AUTHORS: Graham Tucker – Evelyn Underwood – Andrew Farmer – Riccardo Scalera – Ian Dickie – A.J. McConville – Wilbert van Vliet
This study published by the Commission focused on the financing needs to achieve Target 2 of the EU Biodiversity Strategy 2020, which states that: “By 2020, ecosystems and their services are maintained and enhanced by…restoring at least 15% of degraded ecosystems.” With competing demands on the EU budget, political debates on Target 2 of the EU Biodiversity Strategy need to be based on robust, compatible pan-EU estimates of the costs and benefits of ecosystem conservation and restoration. Published information on the estimated costs and benefits of ecosystem restoration are highly variable and seem to be based on relatively few studies (which are often highly context-specific). The study compiled a database of a wide range of published per hectare costs of key restoration measures, in order to derive averages across the EU for each ecosystem.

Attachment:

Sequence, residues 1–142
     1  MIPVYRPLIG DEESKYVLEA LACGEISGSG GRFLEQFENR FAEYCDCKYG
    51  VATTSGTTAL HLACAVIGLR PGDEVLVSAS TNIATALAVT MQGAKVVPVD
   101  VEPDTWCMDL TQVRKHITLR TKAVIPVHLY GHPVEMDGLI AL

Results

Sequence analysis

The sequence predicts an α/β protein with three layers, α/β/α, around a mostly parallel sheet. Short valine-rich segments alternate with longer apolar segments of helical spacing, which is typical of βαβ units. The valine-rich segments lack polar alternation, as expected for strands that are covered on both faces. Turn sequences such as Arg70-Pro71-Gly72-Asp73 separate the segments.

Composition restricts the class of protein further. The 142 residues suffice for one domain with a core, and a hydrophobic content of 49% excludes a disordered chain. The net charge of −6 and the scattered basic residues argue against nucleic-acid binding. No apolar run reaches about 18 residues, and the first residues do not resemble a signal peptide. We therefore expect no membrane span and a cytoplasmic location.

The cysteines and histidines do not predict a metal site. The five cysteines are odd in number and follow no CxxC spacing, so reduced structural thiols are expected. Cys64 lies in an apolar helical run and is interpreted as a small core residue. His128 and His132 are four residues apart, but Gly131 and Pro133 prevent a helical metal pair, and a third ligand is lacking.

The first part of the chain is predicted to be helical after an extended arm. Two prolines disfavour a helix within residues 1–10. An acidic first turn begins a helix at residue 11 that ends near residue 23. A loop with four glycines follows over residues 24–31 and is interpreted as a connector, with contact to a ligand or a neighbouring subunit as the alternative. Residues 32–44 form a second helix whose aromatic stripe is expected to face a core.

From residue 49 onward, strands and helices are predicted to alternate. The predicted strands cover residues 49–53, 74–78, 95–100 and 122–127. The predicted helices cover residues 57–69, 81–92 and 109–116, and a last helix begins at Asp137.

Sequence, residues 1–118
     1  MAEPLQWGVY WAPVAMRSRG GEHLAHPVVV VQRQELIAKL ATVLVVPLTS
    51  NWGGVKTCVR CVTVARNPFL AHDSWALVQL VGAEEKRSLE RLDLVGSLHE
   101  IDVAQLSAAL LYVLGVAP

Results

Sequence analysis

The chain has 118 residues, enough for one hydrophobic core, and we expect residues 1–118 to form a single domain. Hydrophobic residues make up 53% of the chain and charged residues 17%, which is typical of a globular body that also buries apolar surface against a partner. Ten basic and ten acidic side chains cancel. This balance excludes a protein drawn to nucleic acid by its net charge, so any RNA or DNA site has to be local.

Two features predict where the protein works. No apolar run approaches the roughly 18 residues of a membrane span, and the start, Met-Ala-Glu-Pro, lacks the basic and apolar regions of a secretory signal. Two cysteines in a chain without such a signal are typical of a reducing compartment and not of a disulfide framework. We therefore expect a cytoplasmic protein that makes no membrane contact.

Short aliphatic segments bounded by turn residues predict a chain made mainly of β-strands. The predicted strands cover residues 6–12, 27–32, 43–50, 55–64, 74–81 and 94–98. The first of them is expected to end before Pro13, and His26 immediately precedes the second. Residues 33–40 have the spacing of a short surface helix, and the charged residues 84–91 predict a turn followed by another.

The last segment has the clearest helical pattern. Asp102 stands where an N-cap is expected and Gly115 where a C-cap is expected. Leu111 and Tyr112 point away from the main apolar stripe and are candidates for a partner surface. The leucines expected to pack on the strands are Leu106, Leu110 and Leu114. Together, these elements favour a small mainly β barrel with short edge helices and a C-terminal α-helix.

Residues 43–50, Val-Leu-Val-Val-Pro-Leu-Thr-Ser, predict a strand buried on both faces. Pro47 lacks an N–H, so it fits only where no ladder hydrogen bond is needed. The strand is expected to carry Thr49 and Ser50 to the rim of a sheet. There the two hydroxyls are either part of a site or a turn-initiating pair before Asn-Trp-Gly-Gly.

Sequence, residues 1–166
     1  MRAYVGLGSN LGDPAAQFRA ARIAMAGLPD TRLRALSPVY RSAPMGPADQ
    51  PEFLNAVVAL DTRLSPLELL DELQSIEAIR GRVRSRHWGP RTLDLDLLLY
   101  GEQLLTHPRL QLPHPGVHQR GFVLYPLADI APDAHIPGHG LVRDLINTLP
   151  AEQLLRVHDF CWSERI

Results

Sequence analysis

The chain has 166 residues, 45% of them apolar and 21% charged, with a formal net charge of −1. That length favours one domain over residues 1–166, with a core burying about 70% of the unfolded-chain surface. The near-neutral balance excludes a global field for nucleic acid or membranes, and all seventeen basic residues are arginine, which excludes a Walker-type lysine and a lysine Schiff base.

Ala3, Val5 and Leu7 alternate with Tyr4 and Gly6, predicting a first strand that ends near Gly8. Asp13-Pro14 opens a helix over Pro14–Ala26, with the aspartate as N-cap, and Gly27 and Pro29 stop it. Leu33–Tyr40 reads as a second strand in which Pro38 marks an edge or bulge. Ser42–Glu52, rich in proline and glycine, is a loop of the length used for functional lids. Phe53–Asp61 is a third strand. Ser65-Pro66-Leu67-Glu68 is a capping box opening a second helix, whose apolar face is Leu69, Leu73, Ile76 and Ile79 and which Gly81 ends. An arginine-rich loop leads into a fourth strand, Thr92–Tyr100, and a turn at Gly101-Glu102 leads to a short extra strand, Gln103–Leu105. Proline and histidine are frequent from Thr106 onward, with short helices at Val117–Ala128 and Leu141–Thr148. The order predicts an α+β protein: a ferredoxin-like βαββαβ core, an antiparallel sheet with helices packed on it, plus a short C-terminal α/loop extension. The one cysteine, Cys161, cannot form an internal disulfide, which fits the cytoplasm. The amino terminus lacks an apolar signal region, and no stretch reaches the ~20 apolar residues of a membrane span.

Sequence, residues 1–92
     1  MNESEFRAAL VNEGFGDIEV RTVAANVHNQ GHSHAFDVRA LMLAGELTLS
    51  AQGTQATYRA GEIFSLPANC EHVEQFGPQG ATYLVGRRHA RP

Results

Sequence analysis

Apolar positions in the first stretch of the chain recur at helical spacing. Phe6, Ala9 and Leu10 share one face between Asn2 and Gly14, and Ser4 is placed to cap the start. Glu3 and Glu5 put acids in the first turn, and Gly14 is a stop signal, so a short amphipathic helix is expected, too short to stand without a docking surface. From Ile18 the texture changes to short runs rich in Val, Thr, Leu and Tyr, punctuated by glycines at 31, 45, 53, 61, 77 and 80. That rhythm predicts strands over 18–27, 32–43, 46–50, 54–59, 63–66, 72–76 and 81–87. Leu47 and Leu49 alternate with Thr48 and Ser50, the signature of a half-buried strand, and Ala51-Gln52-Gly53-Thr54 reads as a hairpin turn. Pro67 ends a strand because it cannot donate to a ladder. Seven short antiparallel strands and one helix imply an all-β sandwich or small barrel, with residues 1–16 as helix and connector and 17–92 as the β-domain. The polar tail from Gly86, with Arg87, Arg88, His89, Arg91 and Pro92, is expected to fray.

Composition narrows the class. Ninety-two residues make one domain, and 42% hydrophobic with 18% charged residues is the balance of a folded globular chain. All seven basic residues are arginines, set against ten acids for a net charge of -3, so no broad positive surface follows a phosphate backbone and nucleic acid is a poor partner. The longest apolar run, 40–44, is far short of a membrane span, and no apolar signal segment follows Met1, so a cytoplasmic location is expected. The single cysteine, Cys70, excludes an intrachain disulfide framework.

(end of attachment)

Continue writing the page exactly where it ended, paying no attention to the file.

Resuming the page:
The study also assessed the current extent of degradation of ecosystems, enabling a quantification of the area on which key restoration measures would need to be applied to in order to achieve the target. The study developed a number of potential scenarios for implementing the 15% target (eg based on disaggregating the EU target across ecosystem types according to biodiversity priorities, ecosystem service priorities and cost-saving priorities), and used the scenarios to generate a series of target cost estimates. The study also examined potential funding sources for restoration measures, including innovative financial instruments such payments for ecosystem services, biodiversity offsetting and carbon trading.